Pickleball in Lubbock draws growing crowd
Pickleball is a weird name for a sports, but it's becoming more and more popular across the country. It's a combination of ping pong and tennis. Every day at the Burgess-Rushing Tennis Center a crowd shows up to play.
"Pickleball was actually invented in 1965 but it didn't really take off until probably 2005-2010," Andy Carter, an ambassador for the U.S. Pickleball Association said. "There's now estimated to be three million players in the United States and they're saying it'll double every year for the next five years."
Carter started playing seven years ago. He moved to Lubbock last year and has seen the sport grow around the South Plains.
"If you've ever come out and played two or three times, you're hooked and you won't quit playing," Carter said.
Ericka Walmsley is a disabled veteran. She got hooked on pickleball when she was struggling with depression.
"My dad said you're not going to lay in bed anymore," Walmsley remembered. "He picked me up and me and my 70-year-old dad went down to play pickleball and learn how to play."
She's played every morning since.
"There is no class-ism on the court, there is no racism on the court, it's very love tolerant around here. We have different political views but we tolerate each other either way which in this country is pretty amazing," she described.
The group welcomes newcomers all the time and taught FOX34 some basics.
"You can only score when you're serving. So if you lose the play, both players serve then, it's side-out to the other side and both of them will get to serve," Carter said.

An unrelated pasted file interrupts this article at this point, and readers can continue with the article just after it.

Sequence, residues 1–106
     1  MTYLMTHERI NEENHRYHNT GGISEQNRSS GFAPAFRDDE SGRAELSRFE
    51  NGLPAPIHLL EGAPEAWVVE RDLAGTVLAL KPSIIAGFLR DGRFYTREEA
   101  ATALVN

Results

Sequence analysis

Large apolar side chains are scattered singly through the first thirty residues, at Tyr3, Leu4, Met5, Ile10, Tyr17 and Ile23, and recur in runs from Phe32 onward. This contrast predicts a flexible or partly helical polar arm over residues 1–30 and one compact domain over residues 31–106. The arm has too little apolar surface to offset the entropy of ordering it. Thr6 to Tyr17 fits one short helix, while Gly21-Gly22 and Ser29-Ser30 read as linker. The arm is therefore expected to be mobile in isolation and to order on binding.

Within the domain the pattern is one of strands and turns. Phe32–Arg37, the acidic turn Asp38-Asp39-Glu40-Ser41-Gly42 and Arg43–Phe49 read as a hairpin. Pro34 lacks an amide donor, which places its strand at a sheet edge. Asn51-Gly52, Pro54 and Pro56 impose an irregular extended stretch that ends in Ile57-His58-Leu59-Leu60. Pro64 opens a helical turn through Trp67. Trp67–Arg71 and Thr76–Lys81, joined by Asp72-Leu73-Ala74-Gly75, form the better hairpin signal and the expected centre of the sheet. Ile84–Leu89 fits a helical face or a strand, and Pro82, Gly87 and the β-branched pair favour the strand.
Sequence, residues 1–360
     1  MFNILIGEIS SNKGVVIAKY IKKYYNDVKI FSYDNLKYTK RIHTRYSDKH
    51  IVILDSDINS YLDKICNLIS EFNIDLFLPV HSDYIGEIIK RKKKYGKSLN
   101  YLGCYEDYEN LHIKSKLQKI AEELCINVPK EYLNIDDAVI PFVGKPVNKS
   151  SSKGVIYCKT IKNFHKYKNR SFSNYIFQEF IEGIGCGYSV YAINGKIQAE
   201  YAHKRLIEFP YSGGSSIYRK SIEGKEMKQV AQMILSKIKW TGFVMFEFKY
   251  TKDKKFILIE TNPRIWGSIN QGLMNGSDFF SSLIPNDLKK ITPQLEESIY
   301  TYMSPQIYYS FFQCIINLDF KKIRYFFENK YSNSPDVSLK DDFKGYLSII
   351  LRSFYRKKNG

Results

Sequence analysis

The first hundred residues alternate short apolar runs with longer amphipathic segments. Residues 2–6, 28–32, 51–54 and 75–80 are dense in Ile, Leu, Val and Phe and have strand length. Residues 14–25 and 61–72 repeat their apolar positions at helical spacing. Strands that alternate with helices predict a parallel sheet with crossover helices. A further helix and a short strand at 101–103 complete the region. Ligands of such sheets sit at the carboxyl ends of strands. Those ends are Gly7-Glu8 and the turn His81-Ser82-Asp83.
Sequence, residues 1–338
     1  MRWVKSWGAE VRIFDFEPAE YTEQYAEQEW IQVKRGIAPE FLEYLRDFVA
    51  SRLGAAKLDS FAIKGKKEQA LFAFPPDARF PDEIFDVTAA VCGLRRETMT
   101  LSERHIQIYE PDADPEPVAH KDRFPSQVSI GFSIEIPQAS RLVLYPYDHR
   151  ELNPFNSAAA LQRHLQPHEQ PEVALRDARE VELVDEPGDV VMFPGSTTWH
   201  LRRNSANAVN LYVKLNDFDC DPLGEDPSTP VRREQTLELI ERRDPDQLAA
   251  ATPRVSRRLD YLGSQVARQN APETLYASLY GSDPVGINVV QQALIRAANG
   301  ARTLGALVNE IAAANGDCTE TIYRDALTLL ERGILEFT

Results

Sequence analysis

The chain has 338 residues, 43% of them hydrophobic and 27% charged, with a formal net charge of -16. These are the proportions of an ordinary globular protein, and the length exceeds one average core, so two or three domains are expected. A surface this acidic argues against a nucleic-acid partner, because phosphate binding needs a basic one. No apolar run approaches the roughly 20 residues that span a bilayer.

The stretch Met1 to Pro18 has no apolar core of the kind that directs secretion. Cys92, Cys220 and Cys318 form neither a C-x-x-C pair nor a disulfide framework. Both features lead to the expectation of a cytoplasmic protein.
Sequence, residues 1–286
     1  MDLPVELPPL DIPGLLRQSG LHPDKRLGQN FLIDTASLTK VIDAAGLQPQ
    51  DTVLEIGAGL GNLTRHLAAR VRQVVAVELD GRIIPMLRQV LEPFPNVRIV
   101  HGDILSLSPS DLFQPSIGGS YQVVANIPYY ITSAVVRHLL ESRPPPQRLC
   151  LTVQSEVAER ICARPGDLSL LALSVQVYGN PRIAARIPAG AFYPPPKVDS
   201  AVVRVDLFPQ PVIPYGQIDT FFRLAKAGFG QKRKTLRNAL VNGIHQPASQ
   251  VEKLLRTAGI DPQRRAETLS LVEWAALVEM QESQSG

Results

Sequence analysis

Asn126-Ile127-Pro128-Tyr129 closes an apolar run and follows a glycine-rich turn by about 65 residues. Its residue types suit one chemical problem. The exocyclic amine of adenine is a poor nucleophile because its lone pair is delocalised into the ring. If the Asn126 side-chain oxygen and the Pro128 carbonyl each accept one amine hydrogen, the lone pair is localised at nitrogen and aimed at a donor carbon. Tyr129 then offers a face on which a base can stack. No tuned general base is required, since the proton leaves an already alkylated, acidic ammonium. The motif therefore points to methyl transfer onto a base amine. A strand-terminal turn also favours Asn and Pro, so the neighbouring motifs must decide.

"The serve has to bounce and then the first return has to bounce. So you can't go crashing the net until that first bounce and then it's kind of a free for all," he added.
"And then you want to get up to that blue line up there which is called the 'no volley zone.' Most people you'll hear it referred to as the kitchen. That space between the blue line and the net is the kitchen and you can only be in the kitchen to hit a ball that bounces," Carter stressed.
Games are to 11 and you must win by two.
According to Carter, players range from 10 years old to 90 years old. More tennis players are switching to pickleball because there isn't as much lateral movement. He also said it has become so big in Lubbock a group of players is pushing the city to build more outdoor and indoor courts.
For more on pickleball, visit usapa.org.
If you're interested in playing in Lubbock, check out the Lubbock Plays Pickleball Facebook page.